BRUSSELS Talks within the European Union broke down on Tuesday over how to deal with food from cloned animals, sending EU proposals on the sale of new types of foods back to the drawing board after three years of debate.
Following all-night negotiations in Brussels, EU lawmakers were ready to drop their demand for a ban on the sale of food from the conventionally bred offspring of cloned animals, in return for mandatory labeling for all such products.
But EU governments rejected the compromise and said it risked dragging the 27-nation bloc into a "full blown trade war" with countries that already export food products derived from the young of cloned animals, such as the United States.
"The European Parliament ... tried to push the (European) Council to accept a misleading, unfeasible 'solution' that in practice would have required drawing a family tree for each slice of cheese or salami," said Hungary's farm minister Sandor Fazakas.
Hungary, which chaired the showdown talks as holder of the EU's rotating presidency, said it had been ready to accept a ban on the use of cloning for food production in Europe and "the gradual introduction of labeling" for products from the offspring of clones.
But failure to reach an agreement means the proposals on regulating so-called "novel foods," which are defined as foodstuffs not consumed significantly in the EU before 1997, must be redrafted, and could take "several more years" to finalize, Hungary said.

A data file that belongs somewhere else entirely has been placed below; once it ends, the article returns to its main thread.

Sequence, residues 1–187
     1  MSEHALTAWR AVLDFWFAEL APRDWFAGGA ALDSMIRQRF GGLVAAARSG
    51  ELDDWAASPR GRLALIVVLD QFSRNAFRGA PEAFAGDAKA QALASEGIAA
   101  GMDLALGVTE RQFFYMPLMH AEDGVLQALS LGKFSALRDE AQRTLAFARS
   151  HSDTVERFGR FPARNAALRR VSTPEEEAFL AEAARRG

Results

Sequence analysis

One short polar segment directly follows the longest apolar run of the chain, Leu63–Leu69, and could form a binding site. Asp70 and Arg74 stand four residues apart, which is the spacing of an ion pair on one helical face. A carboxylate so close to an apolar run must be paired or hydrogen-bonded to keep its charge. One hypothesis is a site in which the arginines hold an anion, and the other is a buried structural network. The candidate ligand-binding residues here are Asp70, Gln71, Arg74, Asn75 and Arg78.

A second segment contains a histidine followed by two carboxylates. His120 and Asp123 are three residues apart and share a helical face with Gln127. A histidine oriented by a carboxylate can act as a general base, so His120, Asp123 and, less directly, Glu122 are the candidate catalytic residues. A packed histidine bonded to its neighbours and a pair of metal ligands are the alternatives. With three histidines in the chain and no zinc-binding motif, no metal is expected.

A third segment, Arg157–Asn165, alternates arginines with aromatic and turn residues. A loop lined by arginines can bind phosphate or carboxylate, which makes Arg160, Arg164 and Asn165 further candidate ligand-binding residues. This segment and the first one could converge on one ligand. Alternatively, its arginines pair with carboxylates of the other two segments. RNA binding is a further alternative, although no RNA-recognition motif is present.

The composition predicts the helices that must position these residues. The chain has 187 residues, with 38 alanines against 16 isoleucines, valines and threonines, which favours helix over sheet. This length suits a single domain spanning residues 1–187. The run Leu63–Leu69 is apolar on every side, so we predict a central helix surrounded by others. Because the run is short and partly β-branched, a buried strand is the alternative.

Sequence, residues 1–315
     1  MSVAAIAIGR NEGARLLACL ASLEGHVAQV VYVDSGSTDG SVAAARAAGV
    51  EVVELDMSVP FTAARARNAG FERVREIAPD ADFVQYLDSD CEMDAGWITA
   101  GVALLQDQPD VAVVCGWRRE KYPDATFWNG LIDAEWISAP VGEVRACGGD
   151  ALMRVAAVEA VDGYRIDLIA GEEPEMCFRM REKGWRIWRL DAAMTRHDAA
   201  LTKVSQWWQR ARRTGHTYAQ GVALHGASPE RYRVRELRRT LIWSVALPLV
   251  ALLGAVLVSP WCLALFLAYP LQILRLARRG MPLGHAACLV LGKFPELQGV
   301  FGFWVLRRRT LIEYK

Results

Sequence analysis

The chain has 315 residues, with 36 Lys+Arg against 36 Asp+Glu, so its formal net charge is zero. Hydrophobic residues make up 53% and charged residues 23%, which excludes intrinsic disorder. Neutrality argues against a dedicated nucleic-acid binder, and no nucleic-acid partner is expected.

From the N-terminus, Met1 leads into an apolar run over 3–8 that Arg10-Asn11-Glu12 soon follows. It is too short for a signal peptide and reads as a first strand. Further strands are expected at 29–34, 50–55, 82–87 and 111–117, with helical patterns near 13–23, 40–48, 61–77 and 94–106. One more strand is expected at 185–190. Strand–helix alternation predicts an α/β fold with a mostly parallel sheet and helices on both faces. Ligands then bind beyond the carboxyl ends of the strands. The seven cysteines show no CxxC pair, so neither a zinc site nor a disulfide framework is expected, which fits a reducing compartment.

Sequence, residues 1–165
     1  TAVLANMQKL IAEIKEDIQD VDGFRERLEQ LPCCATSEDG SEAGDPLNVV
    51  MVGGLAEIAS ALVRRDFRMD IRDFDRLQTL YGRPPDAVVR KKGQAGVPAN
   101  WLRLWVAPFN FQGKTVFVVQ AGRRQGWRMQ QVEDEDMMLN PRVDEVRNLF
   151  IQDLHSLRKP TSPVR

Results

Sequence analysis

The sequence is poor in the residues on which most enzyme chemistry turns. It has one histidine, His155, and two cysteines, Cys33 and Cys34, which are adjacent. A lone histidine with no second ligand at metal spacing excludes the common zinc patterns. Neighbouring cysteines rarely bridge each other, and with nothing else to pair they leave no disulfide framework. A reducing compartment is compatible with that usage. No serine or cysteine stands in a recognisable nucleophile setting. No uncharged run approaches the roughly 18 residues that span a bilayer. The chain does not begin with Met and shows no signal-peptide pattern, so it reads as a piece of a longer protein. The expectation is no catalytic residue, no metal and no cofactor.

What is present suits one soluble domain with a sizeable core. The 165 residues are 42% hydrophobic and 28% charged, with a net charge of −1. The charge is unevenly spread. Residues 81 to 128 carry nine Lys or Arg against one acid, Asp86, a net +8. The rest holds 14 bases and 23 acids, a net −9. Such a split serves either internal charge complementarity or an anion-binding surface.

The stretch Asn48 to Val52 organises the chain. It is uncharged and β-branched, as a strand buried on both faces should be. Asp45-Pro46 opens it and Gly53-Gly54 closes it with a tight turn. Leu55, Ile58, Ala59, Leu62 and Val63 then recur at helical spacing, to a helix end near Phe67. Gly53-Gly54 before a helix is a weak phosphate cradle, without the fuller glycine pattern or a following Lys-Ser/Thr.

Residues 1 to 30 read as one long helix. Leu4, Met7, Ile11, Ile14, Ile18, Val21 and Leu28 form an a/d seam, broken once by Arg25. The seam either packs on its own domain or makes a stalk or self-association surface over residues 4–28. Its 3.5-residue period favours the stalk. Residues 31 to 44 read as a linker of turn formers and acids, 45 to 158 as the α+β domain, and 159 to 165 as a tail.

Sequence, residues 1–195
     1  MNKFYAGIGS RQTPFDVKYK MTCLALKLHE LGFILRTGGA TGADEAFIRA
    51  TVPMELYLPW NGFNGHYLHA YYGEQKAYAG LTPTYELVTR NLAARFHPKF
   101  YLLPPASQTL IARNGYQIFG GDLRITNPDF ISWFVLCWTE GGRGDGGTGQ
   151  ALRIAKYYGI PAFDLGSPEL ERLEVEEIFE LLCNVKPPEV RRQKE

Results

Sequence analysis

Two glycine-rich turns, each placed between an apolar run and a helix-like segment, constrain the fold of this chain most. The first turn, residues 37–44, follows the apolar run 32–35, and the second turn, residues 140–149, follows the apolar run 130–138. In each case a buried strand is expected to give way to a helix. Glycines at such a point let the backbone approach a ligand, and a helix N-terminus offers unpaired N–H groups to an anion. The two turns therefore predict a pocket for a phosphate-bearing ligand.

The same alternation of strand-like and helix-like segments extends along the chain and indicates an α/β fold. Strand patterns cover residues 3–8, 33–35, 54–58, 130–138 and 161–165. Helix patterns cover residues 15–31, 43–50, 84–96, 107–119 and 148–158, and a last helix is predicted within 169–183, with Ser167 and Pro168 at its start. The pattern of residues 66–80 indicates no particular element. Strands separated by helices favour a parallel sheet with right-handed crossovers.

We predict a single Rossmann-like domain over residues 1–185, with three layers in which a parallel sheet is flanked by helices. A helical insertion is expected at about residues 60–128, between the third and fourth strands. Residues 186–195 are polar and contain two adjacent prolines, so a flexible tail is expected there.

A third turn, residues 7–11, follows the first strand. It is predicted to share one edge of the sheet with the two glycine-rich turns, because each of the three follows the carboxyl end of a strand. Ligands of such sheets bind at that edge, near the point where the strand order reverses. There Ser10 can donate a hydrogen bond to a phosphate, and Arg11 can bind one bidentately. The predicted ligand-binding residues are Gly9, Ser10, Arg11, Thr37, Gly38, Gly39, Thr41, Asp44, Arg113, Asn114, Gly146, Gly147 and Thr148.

The European Parliament's negotiators in the talks accused EU governments of ignoring public opinion, citing a 2008 consumer survey that showed that 58 percent of Europeans believed cloning should never be used for food production.
"We made a huge effort to compromise, but we were not willing to betray consumers on their right to know whether food comes from animals bred using clones," lawmakers Gianni Pittella and Kartika Liotard said in a joint statement.
The use of cloning for food production is not currently widespread in Europe.
The United States is the most advanced country in terms of cloning for food production, with estimates provided by companies suggesting that "thousands of cattle" and "hundreds of pigs" have been cloned there so far.
The United States currently has a voluntary moratorium on the marketing of food from cloned animals but not from their offspring.
Animal cloning, which uses DNA transfer to create an exact genetic copy of an animal, currently has a success rate below 20 percent, with most cloned animals dying during or shortly after birth.
The technique is complex and costly, ensuring that cloned animals are unlikely to be used themselves as food, but they can be bred traditionally to produce offspring that share similar traits, such as high milk production or rapid growth.
The EU's executive -- the European Commission -- is now expected to propose separate regulation to control the use of cloning in Europe, as well as new proposals on novel foods, which includes the use of nanotechnology in food production.
(Editing by Rex Merrifield and Jane Baird)